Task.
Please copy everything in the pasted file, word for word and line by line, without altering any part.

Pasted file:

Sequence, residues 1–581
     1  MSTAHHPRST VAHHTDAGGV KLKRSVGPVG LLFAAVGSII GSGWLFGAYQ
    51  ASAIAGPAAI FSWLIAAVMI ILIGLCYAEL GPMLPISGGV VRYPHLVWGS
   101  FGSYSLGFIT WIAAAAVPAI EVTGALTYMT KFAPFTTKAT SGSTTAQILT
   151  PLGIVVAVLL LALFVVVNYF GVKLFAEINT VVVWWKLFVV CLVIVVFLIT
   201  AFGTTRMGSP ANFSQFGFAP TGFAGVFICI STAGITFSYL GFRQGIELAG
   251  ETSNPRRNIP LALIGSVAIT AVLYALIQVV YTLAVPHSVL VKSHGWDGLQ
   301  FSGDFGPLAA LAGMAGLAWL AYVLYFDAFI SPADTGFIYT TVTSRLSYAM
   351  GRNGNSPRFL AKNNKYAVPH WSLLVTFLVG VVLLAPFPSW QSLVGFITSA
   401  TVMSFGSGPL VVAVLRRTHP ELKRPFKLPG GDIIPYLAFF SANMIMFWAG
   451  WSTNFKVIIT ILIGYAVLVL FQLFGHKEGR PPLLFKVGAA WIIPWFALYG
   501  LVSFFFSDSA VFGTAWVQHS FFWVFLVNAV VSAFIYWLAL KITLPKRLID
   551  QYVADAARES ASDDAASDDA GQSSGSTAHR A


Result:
Sequence, residues 1–581
     1  MSTAHHPRST VAHHTDAGGV KLKRSVGPVG LLFAAVGSII GSGWLFGAYQ
    51  ASAIAGPAAI FSWLIAAVMI ILIGLCYAEL GPMLPISGGV VRYPHLVWGS
   101  FGSYSLGFIT WIAAAAVPAI EVTGALTYMT KFAPFTTKAT SGSTTAQILT
   151  PLGIVVAVLL LALFVVVNYF GVKLFAEINT VVVWWKLFVV CLVIVVFLIT
   201  AFGTTRMGSP ANFSQFGFAP TGFAGVFICI STAGITFSYL GFRQGIELAG
   251  ETSNPRRNIP LALIGSVAIT AVLYALIQVV YTLAVPHSVL VKSHGWDGLQ
   301  FSGDFGPLAA LAGMAGLAWL AYVLYFDAFI SPADTGFIYT TVTSRLSYAM
   351  GRNGNSPRFL AKNNKYAVPH WSLLVTFLVG VVLLAPFPSW QSLVGFITSA
   401  TVMSFGSGPL VVAVLRRTHP ELKRPFKLPG GDIIPYLAFF SANMIMFWAG
   451  WSTNFKVIIT ILIGYAVLVL FQLFGHKEGR PPLLFKVGAA WIIPWFALYG
   501  LVSFFFSDSA VFGTAWVQHS FFWVFLVNAV VSAFIYWLAL KITLPKRLID
   551  QYVADAARES ASDDAASDDA GQSSGSTAHR A